The Parable of the Sower discusses this a little--the story is about a collapsing American society and a girl who prepares for the collapse with an emergency pack and survival skills that she eventually has to use and is able to begin a new community with. (It doesn't mention epidurals.) And Eric says I need to read Nightfall the novel, as it also discusses how to start over and the political types who would try to take advantage of other people. But mainly I want to start reading more practical stuff--I wanted to learn more about canning and preserving anyway (I have some apple butter in the cupboard, but if I have as many tomatoes this summer as I hope to I'll have to branch out), and I have books on medicinal herbs and basic survival skills, and of course I want to learn more about growing things, and as my family gets bigger my gardens will get bigger. I hope I won't ever truly need these skills--I think--but I'd feel a lot better knowing them.

Wednesday, March 28, 2007

That which binds

I've been sewing wedding invitations. No, it's nothing as fancy or crafty as that; but they look like books, and so to give them a real "binding," I've been sewing the vellum to the linen cardstock. My needle is going to need changing as soon as this done, and I will be giving Caroline a well-deserved oiling...nasty thread-jams aside.

I have not been doing anything creative, other than considering which of my various leftover and stockpiled yarns would be best for this ruffled baby hat. I've been working on wedding stuff mostly, and getting over the cold (the cough is even yet holding on), and talking to Eric about marriage and babies and love. He considers us already married. So do I...sort of...but I wish I didn't, because I think I'm already into that settled, why-isn't-this-any-better stage. I don't feel I have enough time for everything I want to do--admittedly, this is because I want to do a lot. (Also because Eric wants me to get to level 70 in World of Warcraft because then he can play with his other friends.) But I don't feel I'm doing the things that will be most important to me. I'm not sure what they are. But preparing for a wedding to celebrate a marriage that's already, in our hearts, taken place, is not one of them. Doing creative work, of some kind, is...I'm pretty sure. And when these invitations are bound up--and the flowers ordered and the dresses bought and the hair figured out and the ceremony written--I will be able to pursue what it is I want to do and what I really, in my life's heart, need to do.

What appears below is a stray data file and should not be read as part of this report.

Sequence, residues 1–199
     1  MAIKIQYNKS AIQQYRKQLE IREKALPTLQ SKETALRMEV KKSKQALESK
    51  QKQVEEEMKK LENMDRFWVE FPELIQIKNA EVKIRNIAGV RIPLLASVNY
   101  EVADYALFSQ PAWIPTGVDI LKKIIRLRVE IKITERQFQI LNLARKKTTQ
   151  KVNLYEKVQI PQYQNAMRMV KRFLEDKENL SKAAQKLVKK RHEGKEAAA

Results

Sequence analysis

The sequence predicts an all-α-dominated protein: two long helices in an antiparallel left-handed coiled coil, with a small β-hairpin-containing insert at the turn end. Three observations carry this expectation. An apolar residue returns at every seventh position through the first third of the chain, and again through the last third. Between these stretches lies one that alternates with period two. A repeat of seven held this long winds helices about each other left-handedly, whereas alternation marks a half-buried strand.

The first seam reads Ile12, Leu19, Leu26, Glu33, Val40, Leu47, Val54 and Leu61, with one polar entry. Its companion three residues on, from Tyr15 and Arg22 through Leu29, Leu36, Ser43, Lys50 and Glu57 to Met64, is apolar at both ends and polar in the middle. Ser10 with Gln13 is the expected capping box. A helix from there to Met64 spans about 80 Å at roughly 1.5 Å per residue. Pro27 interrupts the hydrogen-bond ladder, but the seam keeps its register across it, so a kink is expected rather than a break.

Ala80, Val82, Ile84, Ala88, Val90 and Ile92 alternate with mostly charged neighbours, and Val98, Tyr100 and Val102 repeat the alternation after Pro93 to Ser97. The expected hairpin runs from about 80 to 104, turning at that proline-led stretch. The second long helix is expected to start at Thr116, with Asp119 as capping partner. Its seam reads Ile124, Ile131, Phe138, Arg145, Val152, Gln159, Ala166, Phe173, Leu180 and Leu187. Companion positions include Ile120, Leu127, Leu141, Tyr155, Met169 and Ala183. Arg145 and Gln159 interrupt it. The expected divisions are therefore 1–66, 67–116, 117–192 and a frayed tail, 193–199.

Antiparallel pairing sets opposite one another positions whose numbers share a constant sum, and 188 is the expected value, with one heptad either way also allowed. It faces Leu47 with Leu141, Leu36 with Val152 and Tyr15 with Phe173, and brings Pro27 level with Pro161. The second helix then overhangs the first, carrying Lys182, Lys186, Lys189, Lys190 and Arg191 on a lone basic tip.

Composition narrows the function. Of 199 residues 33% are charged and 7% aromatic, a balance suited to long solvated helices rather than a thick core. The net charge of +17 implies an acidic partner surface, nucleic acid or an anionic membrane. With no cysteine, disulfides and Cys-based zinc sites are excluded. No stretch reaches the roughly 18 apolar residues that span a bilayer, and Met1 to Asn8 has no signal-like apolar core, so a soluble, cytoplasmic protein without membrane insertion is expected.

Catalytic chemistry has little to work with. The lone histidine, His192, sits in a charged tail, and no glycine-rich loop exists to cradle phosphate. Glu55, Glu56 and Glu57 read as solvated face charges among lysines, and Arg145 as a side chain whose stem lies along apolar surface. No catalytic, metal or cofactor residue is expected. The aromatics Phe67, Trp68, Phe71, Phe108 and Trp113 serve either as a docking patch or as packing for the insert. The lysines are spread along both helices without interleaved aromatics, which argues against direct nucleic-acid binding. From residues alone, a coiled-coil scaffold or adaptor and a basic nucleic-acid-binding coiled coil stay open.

Saturday, March 24, 2007

Big green mess

It's been not very rainy at all today--quite beautiful, in fact, which was not what I was led to believe would happen. has been pretty darn unreliable the last couple of weeks, in fact (though it got the general "warmer" trend right). So after Eric and I took a nice walk, noticing some purple crocuses (?) in our front grass, and met a young man who asked us where to go to meet girls, I did some work on the yard.

I bought a rake and a hand cultivator on Friday, along with dirt and some pots, and I used my new rake to start getting rid of some of the leaves in the flower beds. I love my new rake. I hadn't realized how very thick the leaves were. I ended up leaving the leaves (and dead twigs, and weeds, and Roundup-ed grass) on the driveway and the grass, to clean up tomorrow, since we'll be working on the trash pile anyway and I knew I didn't have that much time. I discovered tons of bulbs in the back of a flower bed in the front. I discovered that the previous owners loved that black landscaping cloth. I discovered that the previous owners' son had been obsessed with purple chalk, because I found bits of it everywhere. Some blue and some green, too, but mostly purple.

I planted some bulbs (some that I bought from Michelle for a school fundraiser and some that were in obviously weird places in other beds) on the house side of the driveway, and cleared all the junk from the other (noticing in horror a multitude of little seedlings that are almost certainly growing from the seeds of some weed I let run wild last summer). It's quite a nice little bed over there, actually, and I feel like I want to do something with it other than what I saw of it last summer--it felt crowded and monotonous--but I don't know what. I read part of The Secret Garden Friday at work (online), and it made me want to plant flowers. I've never been interested in flowers before, so this is new.